You must be brave enough to set out on a particular approach. However, while you're working on that approach, you must also be aware that your solution may lead you to a dead end (or it may simply be a solution that will take way too long to complete within the time constraints of the GMAT). So, while you must be brave to start one approach, it's important to also be afraid of the potential that you've chosen the wrong approach. If you feel that you have, indeed, chosen the wrong approach, then you must, again, be brave enough to abandon that approach and start a new one.

Thanks sir.
Hopefully i Won't face this type of situation.

Hi Brent,

https://gmatclub.com/forum/x-and-y-are-positive-integers-when-16x-is-divided-by-y-234977.html

could you please explain the logic behind choosing possible values for x?
gmat-admin's picture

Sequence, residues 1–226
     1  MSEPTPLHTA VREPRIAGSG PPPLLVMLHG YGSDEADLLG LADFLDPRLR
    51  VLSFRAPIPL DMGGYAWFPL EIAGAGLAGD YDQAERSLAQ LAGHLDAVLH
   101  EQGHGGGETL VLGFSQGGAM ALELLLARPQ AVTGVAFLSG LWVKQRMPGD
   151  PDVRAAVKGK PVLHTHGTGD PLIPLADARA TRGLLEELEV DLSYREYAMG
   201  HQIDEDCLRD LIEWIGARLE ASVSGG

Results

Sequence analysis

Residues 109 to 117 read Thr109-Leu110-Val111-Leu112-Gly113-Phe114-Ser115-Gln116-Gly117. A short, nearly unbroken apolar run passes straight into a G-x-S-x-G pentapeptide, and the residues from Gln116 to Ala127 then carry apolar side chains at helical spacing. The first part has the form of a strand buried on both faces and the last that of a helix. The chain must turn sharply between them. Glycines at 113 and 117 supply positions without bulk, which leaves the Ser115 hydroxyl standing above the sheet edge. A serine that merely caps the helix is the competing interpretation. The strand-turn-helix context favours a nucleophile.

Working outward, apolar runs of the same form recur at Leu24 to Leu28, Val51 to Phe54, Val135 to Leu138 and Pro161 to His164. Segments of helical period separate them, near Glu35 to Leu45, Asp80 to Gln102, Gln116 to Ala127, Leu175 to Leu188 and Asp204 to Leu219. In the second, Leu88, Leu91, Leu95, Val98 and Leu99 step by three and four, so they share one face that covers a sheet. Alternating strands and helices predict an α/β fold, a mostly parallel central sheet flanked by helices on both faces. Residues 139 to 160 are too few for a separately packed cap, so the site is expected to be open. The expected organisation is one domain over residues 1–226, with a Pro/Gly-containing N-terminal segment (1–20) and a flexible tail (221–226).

Question link: https://gmatclub.com/forum/x-and-y-are-positive-integers-when-16x-is-div...

Good question! I didn't explain that very well in my solution.

Let's start at the point where we have: x(16 - y) = 4

The important part here is that x and (16 - y) are both POSITIVE INTEGER
In other words, we have: (some integer)(some other integer) = 4

There aren't many ways to get a product of 4.
In fact there are only three possible options:
(1)(4) = 4
(2)(2) = 4
(4)(1) = 4

So, there are 3 possible solutions to the the equation: x(16 - y) = 4
#1: x = 1 and (16 - y) = 4, in which case y = 12
#2: x = 2 and (16 - y) = 2, in which case y = 14
#3: x = 4 and (16 - y) = 1, in which case y = 15

Does that help?

Cheers,
Brent

got it. thanks!

hi Brent,

Just noticed this. The 3 possible solutions, #1, #2 and #3 should equate to 4 if I am not wrong.
gmat-admin's picture

That's correct.
Solutions #1, #2 and #3 are all such that x(16 - y) = 4